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Cybersecurity Is a Team Effort When It Comes to Vendor Risk Management

3 min read
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“Phishing,” as we know it in the tech world, isn’t something involving bait and tackle... at least, not in the traditional sense, anyways. Phishing refers to a cyberattack that uses disguised emails as a weapon. The goal is to trick the email recipient into believing that the message is something they want or need — a request from their organization, for instance, or a note from a colleague in their organization — and there’s always a call to action such as to click a link or download an attachment.

What really distinguishes phishing is the form the message takes. The attackers masquerade as a trusted entity of some kind, often a real or plausibly real person, or a company the victim might do business with. It's one of the oldest types of cyberattacks, dating back to the 1990s, and it's still one of the most widespread and pernicious, with phishing messages and techniques becoming increasingly sophisticated.

Today, we’re seeing an increase in the use of trusted sources to deliver the malware payload in the email. The trusted sources being used to trick individuals and organizations into opening or clicking on a link inside an email to plant malware include medical and legal professionals, mail delivery services such as UPS or FedEx, Amazon, Google, Microsoft and people you might know from work, social activities and more.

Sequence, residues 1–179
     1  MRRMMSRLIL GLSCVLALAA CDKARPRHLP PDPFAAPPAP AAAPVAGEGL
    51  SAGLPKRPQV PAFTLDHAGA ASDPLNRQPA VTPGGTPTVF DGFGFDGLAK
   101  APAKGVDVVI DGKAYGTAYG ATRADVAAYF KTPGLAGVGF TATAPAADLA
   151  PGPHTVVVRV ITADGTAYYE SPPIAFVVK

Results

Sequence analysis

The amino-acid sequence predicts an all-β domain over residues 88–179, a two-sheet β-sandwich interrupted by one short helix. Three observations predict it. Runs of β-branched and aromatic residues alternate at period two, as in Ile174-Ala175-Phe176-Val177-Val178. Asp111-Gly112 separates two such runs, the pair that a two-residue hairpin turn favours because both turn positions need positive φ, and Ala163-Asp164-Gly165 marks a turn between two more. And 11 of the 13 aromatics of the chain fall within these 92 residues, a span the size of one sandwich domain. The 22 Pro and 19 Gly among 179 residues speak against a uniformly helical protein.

Why Cybersecurity Is a Team Sport Between Organizations

  1. We are only as safe as our third-party vendors allow us to be. Say what?

Is it unfortunate? Yes. Is it true? Absolutely. Our third-party vendors are susceptible to these types of attack vector, and they may be less prepared for it than you are. They’re susceptible to the same forms of ransomware email attacks as you are. It only takes one click of the mouse.

The real problem is we’re all vulnerable to a well-placed, well-timed email. If executed perfectly, in an effort to keep up with the latest news while we’re busy and rushing around, we may let our guard down and click on a phishing email that looks like it’s from a charity we support or a colleague at work. Unfortunately, that’s all it takes. So, you must be reviewing the cybersecurity precautions and measures that your vendors have in place. Remember, if your vendor experiences a data breach it could expose your customer data and cost your reputation – especially if the vendor is critical or high risk with access to sensitive information.

  1. Both you and your vendors should have a Security Education, Training and Awareness (SETA) program. You'll need to verify your vendors’ have an active program. 

When vetting a third party to do business with, you must review their cybersecurity policies and procedures. Verify that they’re acceptable, but also verify that they have annual training in place for their employees.

Cyber awareness is key. Even with all the tools that a vendor may put into place to help safeguard data and the attacks from happening, well trained and informed employees really do make a difference. If they're not training their employees on how to spot a phishing email, then you’re at greater risk of the third-party vendor being exposed to a data breach that could funnel down to your organization.

Always verify that your vendor’s due diligence is adequate and pay close attention to their business continuity management plans and their cybersecurity procedures. Make sure both meet or exceed your own organization’s timelines and fall in line with your procedures. Maintaining strong cybersecurity and Complementary User Entity Controls (CUEC), which means the controls both you and your vendor should have in place to safeguard data, is truly a team effort across the board.

Use these seven steps to prevent against rising cybersecurity breaches. Download the infographic.

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